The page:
of national "public policy" exceptions).

        Within the various member country delegations, you have some that have
strong experience in contracts and business to business arbitration, and
who see the 1958 New York Convention on the Recognition and Enforcement
of Foreign Arbitral Awards as a successful model to emulate. You have
other members who are primarily interested in torts, which come at the
issues from a different perspective, and who don't see the convention
entirely as strengthening the enforcement of contracts.

        In 2000 some elements of civil society became aware of the convention,
and in particular, BEUC (the European consumer groups), the Trans
Atlantic Consumer Dialogue (TACD), including both US and EU members, the
American Library Association, the Free Software movement, and some US
free speech groups, such as the ACLU, began to follow the Convention.
In 2000 the Consumer Project on Technology made the Hague Convention its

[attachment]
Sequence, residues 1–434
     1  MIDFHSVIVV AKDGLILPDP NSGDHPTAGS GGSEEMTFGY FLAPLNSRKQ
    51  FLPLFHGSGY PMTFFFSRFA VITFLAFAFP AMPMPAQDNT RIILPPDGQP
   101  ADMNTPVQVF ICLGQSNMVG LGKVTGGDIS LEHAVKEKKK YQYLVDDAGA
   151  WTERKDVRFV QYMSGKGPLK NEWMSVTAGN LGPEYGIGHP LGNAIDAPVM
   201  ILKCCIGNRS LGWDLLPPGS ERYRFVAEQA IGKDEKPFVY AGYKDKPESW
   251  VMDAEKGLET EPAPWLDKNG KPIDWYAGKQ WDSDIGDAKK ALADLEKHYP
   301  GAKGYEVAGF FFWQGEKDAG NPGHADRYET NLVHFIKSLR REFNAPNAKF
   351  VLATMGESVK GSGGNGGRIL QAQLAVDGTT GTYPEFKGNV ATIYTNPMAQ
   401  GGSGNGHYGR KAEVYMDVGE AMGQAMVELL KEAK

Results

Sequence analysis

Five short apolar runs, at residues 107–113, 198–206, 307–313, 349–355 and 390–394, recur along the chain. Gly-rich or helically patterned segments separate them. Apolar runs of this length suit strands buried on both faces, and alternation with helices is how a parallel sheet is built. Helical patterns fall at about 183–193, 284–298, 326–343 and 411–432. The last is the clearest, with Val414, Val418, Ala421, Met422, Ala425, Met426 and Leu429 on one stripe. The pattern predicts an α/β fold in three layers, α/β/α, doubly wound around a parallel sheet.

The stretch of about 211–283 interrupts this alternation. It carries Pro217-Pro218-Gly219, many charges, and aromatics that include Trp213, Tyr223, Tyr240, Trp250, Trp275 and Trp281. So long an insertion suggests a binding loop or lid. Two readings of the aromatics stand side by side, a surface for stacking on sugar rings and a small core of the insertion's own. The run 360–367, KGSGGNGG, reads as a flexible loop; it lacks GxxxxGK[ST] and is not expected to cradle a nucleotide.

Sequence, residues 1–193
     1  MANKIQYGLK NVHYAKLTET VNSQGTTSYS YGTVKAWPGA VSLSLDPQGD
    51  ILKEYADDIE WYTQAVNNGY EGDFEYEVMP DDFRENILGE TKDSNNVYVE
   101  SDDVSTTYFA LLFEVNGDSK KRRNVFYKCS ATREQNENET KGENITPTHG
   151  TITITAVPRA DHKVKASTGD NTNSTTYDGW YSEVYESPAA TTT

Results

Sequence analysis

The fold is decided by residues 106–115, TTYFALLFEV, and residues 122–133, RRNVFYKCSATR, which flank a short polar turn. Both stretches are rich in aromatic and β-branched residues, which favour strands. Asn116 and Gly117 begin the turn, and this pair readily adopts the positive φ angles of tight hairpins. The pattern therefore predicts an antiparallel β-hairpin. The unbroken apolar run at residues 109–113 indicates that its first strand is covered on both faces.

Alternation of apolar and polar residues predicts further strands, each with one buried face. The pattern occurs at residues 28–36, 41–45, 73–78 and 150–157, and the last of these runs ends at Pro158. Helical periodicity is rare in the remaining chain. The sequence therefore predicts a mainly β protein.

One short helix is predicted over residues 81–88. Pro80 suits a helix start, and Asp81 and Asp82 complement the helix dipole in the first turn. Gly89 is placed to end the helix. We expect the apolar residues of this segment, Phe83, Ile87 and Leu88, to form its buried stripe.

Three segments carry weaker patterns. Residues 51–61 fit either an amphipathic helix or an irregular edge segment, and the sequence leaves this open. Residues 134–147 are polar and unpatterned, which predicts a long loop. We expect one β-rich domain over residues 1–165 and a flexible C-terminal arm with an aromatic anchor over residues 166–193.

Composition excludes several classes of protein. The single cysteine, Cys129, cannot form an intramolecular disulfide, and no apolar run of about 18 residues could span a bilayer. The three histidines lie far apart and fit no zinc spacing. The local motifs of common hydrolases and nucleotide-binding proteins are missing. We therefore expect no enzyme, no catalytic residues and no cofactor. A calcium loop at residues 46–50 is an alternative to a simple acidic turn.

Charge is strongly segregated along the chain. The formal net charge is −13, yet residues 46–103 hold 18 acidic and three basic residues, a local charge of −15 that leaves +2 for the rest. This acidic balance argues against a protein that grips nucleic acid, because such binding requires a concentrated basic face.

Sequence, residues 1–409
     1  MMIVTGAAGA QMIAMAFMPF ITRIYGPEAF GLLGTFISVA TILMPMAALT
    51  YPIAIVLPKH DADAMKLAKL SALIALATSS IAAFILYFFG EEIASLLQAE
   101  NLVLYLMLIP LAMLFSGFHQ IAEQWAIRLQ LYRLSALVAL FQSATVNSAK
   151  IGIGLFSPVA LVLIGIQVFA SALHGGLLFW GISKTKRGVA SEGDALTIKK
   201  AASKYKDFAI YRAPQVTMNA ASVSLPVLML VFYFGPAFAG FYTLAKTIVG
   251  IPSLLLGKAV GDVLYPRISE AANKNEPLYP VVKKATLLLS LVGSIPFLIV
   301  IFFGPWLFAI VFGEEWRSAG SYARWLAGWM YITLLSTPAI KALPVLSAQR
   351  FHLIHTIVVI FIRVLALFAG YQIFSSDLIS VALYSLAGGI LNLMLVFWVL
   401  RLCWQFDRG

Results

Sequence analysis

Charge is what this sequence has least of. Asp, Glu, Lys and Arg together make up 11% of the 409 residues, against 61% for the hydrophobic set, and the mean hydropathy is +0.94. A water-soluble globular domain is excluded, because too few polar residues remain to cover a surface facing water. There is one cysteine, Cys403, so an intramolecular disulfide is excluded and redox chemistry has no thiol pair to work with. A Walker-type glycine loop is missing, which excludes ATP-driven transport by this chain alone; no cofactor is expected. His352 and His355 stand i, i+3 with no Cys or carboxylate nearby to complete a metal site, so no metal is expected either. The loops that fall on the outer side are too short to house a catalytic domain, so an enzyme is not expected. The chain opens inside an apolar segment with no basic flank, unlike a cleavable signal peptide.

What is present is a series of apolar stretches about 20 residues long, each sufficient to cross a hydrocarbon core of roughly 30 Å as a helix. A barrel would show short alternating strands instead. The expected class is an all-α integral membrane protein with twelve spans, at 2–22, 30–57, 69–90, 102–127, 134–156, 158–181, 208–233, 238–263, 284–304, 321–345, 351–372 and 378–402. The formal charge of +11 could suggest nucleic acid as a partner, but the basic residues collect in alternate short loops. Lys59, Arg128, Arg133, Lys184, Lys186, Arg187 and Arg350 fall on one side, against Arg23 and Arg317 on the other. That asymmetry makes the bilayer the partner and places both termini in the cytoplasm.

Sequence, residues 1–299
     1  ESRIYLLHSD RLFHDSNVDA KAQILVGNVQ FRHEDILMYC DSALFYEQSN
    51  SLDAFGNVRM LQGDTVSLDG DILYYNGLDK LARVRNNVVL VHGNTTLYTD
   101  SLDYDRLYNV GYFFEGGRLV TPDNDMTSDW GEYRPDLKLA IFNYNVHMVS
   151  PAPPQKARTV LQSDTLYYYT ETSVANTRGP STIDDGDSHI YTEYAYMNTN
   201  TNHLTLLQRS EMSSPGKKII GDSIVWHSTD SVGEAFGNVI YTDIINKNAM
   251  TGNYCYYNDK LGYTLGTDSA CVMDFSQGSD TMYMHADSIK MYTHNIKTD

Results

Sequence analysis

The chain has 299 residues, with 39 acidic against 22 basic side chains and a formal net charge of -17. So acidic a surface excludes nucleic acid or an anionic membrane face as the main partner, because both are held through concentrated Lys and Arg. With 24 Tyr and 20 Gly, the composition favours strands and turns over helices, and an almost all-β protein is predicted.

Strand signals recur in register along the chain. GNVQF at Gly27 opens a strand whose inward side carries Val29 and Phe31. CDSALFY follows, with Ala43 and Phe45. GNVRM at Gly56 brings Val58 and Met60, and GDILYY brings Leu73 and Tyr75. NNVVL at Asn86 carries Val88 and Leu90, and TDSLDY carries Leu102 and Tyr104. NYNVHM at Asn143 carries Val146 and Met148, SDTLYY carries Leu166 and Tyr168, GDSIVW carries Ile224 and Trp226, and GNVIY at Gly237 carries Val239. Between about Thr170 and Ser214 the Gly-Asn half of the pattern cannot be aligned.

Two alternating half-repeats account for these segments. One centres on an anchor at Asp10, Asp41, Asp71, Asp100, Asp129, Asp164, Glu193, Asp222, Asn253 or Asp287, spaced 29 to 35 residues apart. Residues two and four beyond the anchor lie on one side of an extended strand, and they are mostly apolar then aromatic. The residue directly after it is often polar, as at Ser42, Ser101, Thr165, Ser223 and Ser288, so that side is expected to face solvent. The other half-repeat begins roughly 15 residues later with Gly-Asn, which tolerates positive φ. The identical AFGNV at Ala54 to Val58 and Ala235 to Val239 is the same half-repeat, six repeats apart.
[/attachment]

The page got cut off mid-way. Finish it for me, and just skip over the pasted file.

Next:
top e-commerce priority, and by September 2000 the US government added
Manon Ress from Essential Information on the US delegation (which
already had several private sector members representing business

        For the past two years, in a series of meeting leading up to the June
Diplomatic Conference (which ends today), there were efforts to sort of
the impact of the convention on e-commerce and on intellectual
property. The US in particular was quite open in consulting with civil
society and the public in general, and Australia asked for public
consultations too, but it would appear that no other countries did.
However, while civil society concerns were presented at virtually every
negotiating meeting over the past year, this month's diplomatic
conference was a powerful illustration of the power of the business

        The EU seemed to undertaking a strategy of pushing for a "disconnect"
for regional agreements, and in particular, for its own EU directive on
Jurisdiction take precedence in EU to EU transactions, leaving intact
the stronger EU consumer protection measures for EU to EU transactions,
while bowing to US government pressure to gut consumer protection
provisions from the 1999 draft of the convention. This was a major
victory for the big e-commerce firms.

        One element of this was to essentially expand the definition of
"business to business" transactions, and to greatly strengthen the role
of contracts in the convention, making for example, choice of court
clauses mandatory in almost everything that does not involve personal or